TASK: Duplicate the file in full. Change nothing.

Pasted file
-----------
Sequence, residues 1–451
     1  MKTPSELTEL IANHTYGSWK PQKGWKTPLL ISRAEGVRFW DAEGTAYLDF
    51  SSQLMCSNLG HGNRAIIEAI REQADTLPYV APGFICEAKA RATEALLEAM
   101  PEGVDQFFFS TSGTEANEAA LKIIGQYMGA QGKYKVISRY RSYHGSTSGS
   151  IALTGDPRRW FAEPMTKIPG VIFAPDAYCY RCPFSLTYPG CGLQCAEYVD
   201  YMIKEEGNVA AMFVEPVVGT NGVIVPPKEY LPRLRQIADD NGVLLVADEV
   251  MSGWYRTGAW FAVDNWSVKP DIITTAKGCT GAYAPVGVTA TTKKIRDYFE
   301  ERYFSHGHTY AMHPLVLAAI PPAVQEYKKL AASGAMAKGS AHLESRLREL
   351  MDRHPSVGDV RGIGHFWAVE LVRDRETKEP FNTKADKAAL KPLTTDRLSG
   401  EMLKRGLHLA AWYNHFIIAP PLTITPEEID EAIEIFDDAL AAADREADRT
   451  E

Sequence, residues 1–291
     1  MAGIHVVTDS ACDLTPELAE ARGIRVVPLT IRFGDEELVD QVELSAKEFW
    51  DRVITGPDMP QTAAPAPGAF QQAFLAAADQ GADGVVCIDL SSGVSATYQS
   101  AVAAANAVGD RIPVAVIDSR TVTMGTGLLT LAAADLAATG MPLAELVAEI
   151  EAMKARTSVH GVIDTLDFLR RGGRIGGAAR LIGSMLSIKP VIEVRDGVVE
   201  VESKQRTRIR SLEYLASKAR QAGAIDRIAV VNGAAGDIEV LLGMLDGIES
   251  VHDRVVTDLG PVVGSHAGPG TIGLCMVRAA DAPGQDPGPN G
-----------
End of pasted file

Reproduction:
Sequence, residues 1–451
     1  MKTPSELTEL IANHTYGSWK PQKGWKTPLL ISRAEGVRFW DAEGTAYLDF
    51  SSQLMCSNLG HGNRAIIEAI REQADTLPYV APGFICEAKA RATEALLEAM
   101  PEGVDQFFFS TSGTEANEAA LKIIGQYMGA QGKYKVISRY RSYHGSTSGS
   151  IALTGDPRRW FAEPMTKIPG VIFAPDAYCY RCPFSLTYPG CGLQCAEYVD
   201  YMIKEEGNVA AMFVEPVVGT NGVIVPPKEY LPRLRQIADD NGVLLVADEV
   251  MSGWYRTGAW FAVDNWSVKP DIITTAKGCT GAYAPVGVTA TTKKIRDYFE
   301  ERYFSHGHTY AMHPLVLAAI PPAVQEYKKL AASGAMAKGS AHLESRLREL
   351  MDRHPSVGDV RGIGHFWAVE LVRDRETKEP FNTKADKAAL KPLTTDRLSG
   401  EMLKRGLHLA AWYNHFIIAP PLTITPEEID EAIEIFDDAL AAADREADRT
   451  E

Sequence, residues 1–291
     1  MAGIHVVTDS ACDLTPELAE ARGIRVVPLT IRFGDEELVD QVELSAKEFW
    51  DRVITGPDMP QTAAPAPGAF QQAFLAAADQ GADGVVCIDL SSGVSATYQS
   101  AVAAANAVGD RIPVAVIDSR TVTMGTGLLT LAAADLAATG MPLAELVAEI
   151  EAMKARTSVH GVIDTLDFLR RGGRIGGAAR LIGSMLSIKP VIEVRDGVVE
   201  VESKQRTRIR SLEYLASKAR QAGAIDRIAV VNGAAGDIEV LLGMLDGIES
   251  VHDRVVTDLG PVVGSHAGPG TIGLCMVRAA DAPGQDPGPN G